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A Rambling Writer Guest Post: Geologist Thor Talks Marble

Join my paleontologist/geologist husband Thor Hansen as he talks about our fascination with marble pebbles we collect on Greek beaches.

Today we talk about marble.  Marble is beautiful, relatively easy to carve, and takes a nice shine, so it is no wonder marble is prized for sculpture and the interiors of buildings (not so good for outdoor projects because it dissolves in acid rain).  Marble is metamorphosed limestone, i.e. limestone that has been buried and heated and squeezed by geological processes.  Most of the rocks you see every day are silicates, meaning they are composed of silicon, oxygen, and probably several other elements like iron, magnesium, and aluminum.  Silicates comprise the vast majority of rocks on Earth and are formed deep underground under high temperatures and pressures.  Limestone, on the other hand, is organic.  Marine organisms like corals, clams, snails, and algae extract calcium carbonate from tropical sea water to make their shells/skeletons.  A coral reef system typically has a strong coral/algal reef that protects a quiet water lagoon.  On the reef and in the lagoon the busy little carbonate secretors make their shells, which turn into lime mud after they die.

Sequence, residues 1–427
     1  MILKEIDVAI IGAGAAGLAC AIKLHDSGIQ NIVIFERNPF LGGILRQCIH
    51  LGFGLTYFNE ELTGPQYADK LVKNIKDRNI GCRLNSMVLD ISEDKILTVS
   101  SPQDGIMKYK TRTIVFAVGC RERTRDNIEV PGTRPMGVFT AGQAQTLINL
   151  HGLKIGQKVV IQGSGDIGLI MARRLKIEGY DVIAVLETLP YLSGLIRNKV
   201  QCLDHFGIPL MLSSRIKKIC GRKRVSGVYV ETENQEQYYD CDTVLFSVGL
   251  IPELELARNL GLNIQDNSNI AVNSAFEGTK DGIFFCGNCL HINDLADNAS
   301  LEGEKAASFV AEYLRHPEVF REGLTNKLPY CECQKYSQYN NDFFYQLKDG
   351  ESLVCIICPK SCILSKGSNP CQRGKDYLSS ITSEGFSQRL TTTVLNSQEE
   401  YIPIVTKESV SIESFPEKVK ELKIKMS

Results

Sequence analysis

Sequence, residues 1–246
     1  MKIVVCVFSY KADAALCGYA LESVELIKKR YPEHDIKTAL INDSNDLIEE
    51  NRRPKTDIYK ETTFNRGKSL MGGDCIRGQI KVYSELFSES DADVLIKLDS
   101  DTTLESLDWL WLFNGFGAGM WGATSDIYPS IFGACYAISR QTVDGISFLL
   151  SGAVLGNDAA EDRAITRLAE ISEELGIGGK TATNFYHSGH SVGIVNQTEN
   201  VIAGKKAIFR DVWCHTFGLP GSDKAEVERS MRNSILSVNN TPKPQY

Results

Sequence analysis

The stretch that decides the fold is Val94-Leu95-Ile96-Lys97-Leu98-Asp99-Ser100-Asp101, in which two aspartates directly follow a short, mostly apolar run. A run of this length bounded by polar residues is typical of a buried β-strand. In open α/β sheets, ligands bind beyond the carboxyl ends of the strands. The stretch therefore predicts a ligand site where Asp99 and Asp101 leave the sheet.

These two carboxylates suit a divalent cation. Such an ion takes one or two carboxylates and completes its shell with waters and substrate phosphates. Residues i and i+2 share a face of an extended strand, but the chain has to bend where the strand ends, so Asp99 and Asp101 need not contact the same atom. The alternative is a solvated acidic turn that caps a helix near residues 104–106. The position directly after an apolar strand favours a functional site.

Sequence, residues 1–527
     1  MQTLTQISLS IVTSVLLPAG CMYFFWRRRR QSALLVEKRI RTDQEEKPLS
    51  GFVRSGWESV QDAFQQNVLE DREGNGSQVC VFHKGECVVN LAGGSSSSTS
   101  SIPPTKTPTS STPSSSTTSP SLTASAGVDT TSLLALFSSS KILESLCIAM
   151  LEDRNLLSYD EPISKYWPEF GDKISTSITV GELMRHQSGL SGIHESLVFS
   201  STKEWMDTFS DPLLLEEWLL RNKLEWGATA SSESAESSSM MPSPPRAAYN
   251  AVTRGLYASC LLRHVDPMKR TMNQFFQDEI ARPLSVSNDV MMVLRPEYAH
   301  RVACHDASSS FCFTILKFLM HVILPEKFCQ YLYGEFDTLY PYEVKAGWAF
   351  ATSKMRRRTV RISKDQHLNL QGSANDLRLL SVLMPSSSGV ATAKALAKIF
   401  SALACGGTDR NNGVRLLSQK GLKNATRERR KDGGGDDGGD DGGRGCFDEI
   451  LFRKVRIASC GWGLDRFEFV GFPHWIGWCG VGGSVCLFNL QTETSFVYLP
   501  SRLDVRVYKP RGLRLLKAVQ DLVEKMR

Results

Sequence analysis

In the image below Sara is snorkeling around a patch reef near Xcalak, Mexico.  On the right you can see corals, sponges, sea fans, and coralline algae.  The white stuff on the seafloor is lime mud formed by the degraded reef organisms.

When you go to a place like the Yucatan Peninsula (think Cancun, Tulum, Playa Del Carmen), everything you see or walk on was created by reef organisms.  Below is the beach at Playa Sonrisa near Xcalak.

I’m posting my complete blog entries on my own author website at, where you can finish this episode and enjoy all the accompanying photos. Please continue reading by clicking on the link below, then you can return here (use “go back” arrow above) to comment, ask questions, or join a conversation. We love your responses!


You will find The Rambling Writer’s blog posts here every Saturday. Sara’s Greek islands novel  from Book View Café is available in print and ebook: The Ariadne Connection. “Technology triggers a deadly new plague. Can a healer find the cure?”  The novel has received the Chanticleer Global Thriller Grand Prize and the Cygnus Award for Speculative Fiction. Sara is at work on the sequel, The Ariadne Disconnect. Sign up for her quarterly email newsletter at



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